Build yourself an ark, because the debt-filled waters they be arising.

  • Fred

    A better question: who was on the other side of all that trading, who lost all that money that the banks made?

    At the end of every paper trail of every trade made by every big institution is the “little guy”; the taxpayer who actually makes something by doing real work and then saves some and assumes “real” risk of loss to achieve a better return to send his kids to college, buy a house, or save for a better retirement. Thru deficit spending, institutions are even able to take $ from our children and grandchildren.

  • Vin

    Larry,

    I don’t know if its already been written about, but I would like to know a couple of things. I believe about 85% of earnings revenue in the first quarter from the big banks came from trading in fixed income. Could it be possible that a ton of level three assets were sold to FNM and FRE at close to par everyday? Maybe that could account for some of the “perfect trading”?
    Also, there is alot being written about since the 1000 point decline a couple of weeks ago. From what I can read, there were huge losses to retail investors who use simple stop orders. When elected, they go to market orders, and obviously, the “market makers” love those types of orders. Larry, isn’t it obvious that the quant models at these institutions can “see” the stop orders already in place? And can calcualate how many shares, capital to elect them? Could it be possible these quant models are also able to “see” ALL the positions in their Prime Brokerage accounts? I know they say there are chinese walls, but do you know if this has ever been investigated? It would explain constant counter intuitive movements, especially large unexplained “gap” movements in sectors and stocks overnight and immediately before the opening every day. And I am not counting the rigged system of ratings and upgrade/downgrade fraud that occurs daily.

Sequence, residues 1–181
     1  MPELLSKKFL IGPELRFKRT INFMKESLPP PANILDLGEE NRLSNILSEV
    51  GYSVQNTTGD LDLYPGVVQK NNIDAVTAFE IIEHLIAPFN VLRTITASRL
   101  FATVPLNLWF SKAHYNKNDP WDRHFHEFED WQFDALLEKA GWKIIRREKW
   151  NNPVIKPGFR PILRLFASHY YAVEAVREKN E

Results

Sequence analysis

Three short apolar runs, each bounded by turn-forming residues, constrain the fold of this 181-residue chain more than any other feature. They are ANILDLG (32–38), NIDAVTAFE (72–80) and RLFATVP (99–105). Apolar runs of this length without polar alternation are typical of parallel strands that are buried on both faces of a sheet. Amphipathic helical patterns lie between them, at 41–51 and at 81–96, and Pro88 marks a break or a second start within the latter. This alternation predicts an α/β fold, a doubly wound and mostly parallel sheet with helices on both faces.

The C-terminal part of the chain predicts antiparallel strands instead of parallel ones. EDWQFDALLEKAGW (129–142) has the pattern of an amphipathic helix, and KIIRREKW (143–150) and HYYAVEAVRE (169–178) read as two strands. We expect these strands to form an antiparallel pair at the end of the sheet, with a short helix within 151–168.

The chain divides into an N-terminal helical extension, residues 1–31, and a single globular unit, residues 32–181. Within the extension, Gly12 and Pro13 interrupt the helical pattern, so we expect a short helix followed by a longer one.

In finishing, I read Greg Zuckerman’s article on the SEC’s documentation on GS. I have been complaing about it since the day it happened and that is the tens of thousands of puts that were bought on BSC the couple of days before the collapse. And these were all listed options, not counting what was going on behind the scenes. When BSC was trading at $67, someone contacted all the exchanges and had them add 30, 25, 20, 15 and even $10 strikes. And with only 8 days to go before expiration! Thousands were immediately bought right on the open on all the lower strikes. The SEC might not be able to find the “culprits” on the 1000 point decline (probably because they already know), but I could find out who bought those puts in one day! And now its 2-3 years later. That is inside, material information whoever bought them. And don’t tell me you were “hedging counterparty risk”. And thats not even mentioning the same things in AIG, FNM, FRE, WM, LEH, etc., etc.